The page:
Hello and welcome to the Fides Weekly Update. Here you can find analysis of the week’s main new stories in legal and compliance. Don’t forget to check out our regular feature of Movers & Shakers of the week.
1. FCA confirms push for criminal prosecutions
Having pledged to gear up its enforcement team to serve up more criminal prosecutions, the Financial Conduct Authority has just appointed a criminal law heavyweight to its ranks as chief criminal counsel.
Vincent Coughlin QC will take over from Claire Lipworth in the top position, with Lipworth joining Hogan Lovells as a financial services litigation partner, the FT reports. His background spans a wide range of high-profile prosecutions, from violent crime cases to defending the Sun’s executive editor over allegedly improper payments.
Coughlin’s experience also includes white-collar crime matters better associated with the regulators line of work, where most recently he has been involved in a case brought by the Serious Fraud Office concerning bribery allegations against Rolls-Royce.
Back in 2012, Coughlin also spent a period advising the Financial Services Authority on its first major insider dealing prosecution, Operation Saturn, where they secured six convictions.
The hire is a definitive indicator confirming the FCA’s plans to rev up its enforcement action as they ready themselves to bring more criminal prosecutions for insider dealing and are expected to extend this further to money-laundering offences and wider financial crime claims. In its newly published business plan, the FCA has highlighted the extent to which corruption and money-laundering has permeated into the UK financial system and has committed to start bringing criminal action where necessary.
We saw the number of investigations opened by the FCA into insider trading reach its peak total of 70 last year. With the director of enforcement and market oversight Mark Steward claiming that “insider dealing is ever more detectable and provable”, it seems we should expect further convictions to continue in 2017.
2. Shearman hikes NQ salaries in London
In the latest turn in the NQ salary race, Shearman & Sterling announced that it was increasing pay for newly qualified (NQ) UK associates by 10.5% this week, taking starting salary from £95,000 to £105,000.
Lawyers in the firm’s mid-level associate band, which starts at 3.5 years post-qualification experience (PQE) will also see a 9.5% pay increase from £126,000 to £138,000. Meanwhile, UK senior associates at 6.5 years PQE and above will see their salaries increase by almost 6% to £165,000.
This follows last year’s rise in NQ pay by £7,000, and a rise of 8% on NQ salaries in 2015. Overall, the firm has seen a 33% increase in NQ pay since the £78,000 starting salary it was handing out in 2013. Mid-level and senior associates also received a salary bump by the firm last year, by £11,000 and £12,000 respectively on 2015 levels.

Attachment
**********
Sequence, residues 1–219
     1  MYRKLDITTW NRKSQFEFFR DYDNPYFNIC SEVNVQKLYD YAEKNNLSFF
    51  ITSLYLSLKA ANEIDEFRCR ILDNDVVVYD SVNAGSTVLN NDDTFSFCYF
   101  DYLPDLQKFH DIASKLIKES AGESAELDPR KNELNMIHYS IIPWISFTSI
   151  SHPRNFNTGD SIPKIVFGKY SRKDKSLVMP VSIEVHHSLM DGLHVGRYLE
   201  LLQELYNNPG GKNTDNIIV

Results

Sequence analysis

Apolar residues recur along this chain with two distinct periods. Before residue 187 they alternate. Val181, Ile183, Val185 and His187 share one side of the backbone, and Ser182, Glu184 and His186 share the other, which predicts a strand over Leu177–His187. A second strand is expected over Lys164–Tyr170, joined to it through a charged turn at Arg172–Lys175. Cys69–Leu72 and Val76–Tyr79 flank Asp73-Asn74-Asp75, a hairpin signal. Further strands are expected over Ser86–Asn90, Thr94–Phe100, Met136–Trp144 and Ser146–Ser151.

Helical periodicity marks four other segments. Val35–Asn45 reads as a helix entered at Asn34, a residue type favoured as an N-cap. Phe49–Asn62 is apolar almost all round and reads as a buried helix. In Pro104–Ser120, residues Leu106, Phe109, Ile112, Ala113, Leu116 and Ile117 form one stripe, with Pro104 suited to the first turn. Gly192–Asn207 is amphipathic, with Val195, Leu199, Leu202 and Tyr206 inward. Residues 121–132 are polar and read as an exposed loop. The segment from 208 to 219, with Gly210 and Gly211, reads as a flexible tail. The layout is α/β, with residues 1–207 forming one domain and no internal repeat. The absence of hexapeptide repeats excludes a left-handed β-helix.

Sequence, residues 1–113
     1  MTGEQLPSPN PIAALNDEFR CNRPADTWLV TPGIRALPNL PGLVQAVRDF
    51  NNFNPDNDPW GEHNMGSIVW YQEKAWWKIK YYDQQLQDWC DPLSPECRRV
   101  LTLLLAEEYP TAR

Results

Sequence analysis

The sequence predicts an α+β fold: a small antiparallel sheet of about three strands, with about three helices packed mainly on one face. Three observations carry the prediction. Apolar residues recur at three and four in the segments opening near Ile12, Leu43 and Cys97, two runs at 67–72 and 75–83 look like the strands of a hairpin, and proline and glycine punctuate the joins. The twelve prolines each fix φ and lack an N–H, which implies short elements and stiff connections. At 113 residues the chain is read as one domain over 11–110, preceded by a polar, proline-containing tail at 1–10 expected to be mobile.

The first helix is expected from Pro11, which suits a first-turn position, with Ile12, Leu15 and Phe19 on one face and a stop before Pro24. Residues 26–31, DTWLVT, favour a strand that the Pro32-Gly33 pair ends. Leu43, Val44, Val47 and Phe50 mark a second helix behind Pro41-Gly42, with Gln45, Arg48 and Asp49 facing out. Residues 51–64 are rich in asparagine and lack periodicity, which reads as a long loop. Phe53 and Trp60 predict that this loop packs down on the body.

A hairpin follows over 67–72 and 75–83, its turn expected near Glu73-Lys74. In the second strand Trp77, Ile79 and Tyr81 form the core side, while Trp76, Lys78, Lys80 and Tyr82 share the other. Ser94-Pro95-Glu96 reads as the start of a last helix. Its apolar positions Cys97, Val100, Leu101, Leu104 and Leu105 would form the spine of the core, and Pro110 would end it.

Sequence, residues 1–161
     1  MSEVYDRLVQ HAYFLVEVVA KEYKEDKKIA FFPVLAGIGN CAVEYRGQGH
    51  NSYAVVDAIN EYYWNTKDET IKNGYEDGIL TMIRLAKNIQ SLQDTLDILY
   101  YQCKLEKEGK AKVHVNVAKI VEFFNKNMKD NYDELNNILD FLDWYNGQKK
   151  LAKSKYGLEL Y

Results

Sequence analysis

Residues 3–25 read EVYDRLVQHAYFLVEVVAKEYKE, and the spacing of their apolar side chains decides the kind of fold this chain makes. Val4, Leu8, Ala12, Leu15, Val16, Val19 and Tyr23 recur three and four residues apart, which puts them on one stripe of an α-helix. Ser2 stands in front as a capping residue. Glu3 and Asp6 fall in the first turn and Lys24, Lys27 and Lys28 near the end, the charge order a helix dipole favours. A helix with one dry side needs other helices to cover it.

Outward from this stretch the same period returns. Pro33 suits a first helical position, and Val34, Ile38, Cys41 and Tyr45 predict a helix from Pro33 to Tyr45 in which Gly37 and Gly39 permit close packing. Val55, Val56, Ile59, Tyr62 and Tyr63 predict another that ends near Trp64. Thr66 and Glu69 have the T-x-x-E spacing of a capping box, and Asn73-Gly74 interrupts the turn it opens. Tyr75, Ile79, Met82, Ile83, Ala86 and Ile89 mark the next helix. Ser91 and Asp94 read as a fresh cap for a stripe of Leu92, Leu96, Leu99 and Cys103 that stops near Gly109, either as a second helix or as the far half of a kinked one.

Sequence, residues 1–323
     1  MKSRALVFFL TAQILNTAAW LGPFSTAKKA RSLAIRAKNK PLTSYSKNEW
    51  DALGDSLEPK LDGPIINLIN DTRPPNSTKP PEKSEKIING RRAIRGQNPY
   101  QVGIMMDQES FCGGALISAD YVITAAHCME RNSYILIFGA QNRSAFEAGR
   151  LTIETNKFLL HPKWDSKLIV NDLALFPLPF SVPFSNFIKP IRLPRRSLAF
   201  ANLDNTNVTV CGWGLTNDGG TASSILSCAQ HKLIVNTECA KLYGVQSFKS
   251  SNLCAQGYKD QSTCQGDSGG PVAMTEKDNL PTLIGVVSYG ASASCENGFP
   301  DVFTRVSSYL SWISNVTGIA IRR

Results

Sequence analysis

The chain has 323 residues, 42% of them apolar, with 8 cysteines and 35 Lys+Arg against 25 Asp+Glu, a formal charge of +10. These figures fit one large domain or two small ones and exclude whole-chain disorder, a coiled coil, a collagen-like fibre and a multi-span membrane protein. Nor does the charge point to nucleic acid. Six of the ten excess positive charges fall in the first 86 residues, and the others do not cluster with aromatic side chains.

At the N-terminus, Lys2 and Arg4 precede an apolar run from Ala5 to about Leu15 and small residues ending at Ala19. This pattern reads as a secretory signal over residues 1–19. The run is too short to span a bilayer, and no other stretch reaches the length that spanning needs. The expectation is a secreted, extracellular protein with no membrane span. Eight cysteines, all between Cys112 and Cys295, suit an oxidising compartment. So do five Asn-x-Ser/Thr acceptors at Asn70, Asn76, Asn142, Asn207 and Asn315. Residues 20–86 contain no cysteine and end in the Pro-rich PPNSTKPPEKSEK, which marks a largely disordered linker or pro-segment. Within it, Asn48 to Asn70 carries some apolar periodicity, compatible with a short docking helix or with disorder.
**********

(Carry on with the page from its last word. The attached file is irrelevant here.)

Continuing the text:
This comes after a raft of US firm’s hiked associate payscales last summer, following in the example of Cravath Swaine & Moore, which raised base pay for first-year associates by $20,000 (£14,000) to $180,000 (£124,000).
In a move that sent shockwaves through the London legal market, a handful of those firms subsequently decided to pay equivalent salaries to their lawyers in London, with some pegging them to the dollar to address plunging sterling exchange rates. As a result, London NQs at Kirkland & Ellis and Akin Gump are currently on around £125k, where those at Weil are paid £115k.
Despite this, NQ’s at Sherman & Sterling will now be paid £20k more than their equivalents at Freshfields and Clifford Chance, and £26.5k more than those at Allen & Overy, in the battle by London firms to retain top associate talent.
Last year, Shearman’s revenue rose by 6% to $912.5m (£731m), with London revenues increasing by 14% to $169.7m (£136m). Firmwide profits per equity partner shot up 18% to $2.165m (£1.74m). In spite of this, Sherman decided to cut its equity partnership in the second half of 2016 and did not hire any new partners in Europe last year.
Movers & Shakers of the week
Senior director of global brand protection Bill Berner has accepted the role of European general counsel as current GC Fabrizio Mecozzi is to take on a new US-based position at the company
Linklaters’ former US banking head and US co-managing partner Jeff Norton is set to join Dechert in New York whilst fellow banking partner Sabrena Silver also departs, accepting a partner position with White & Case
London head of pensions for Ashurst Marcus Fink has joined PwC Legal
Corporate partner Simon Meng and project development and finance partner Andrew Ruff both join Linklaters’ Shanghai office from King & Wood Mallesons and Shearman & Sterling, respectively.
Richard Given has left HSBC as deputy general counsel to become GC and company secretary of new fintech start-up 10x Banking
Head of innovation and technology for Gowling WLG Derek Southall steps down from his role to launch his own venture Hyperscale Group, but continues to work with the firm on a consultancy basis
Dispute resolution and white-collar defence partner Finn Zeidler is the third partner to depart Latham & Watkins for Gibson Dunn in Germany, taking a partner role in the firm’s Frankfurt office
Corporate partner Peter Crichton and construction and energy lawyer both exit CMS to join McDermott Will & Emery and 39 Essex Chambers
Taylor Wessing’s Dubai head Habib Ullah leaves to join Addleshaw Goddard in its London banking practice
Clifford Chance’s tax investigations and disputes head Liesl Fichardt has decided to join disputes specialists Quinn Emanuel Urquhart & Sullivan in its London office
Ashurst has added to its shrinking Paris practice with leveraged finance lawyer Pierre Roux who joins from Linklaters as a partner
Office Openings & Closings
Mergers & Alliances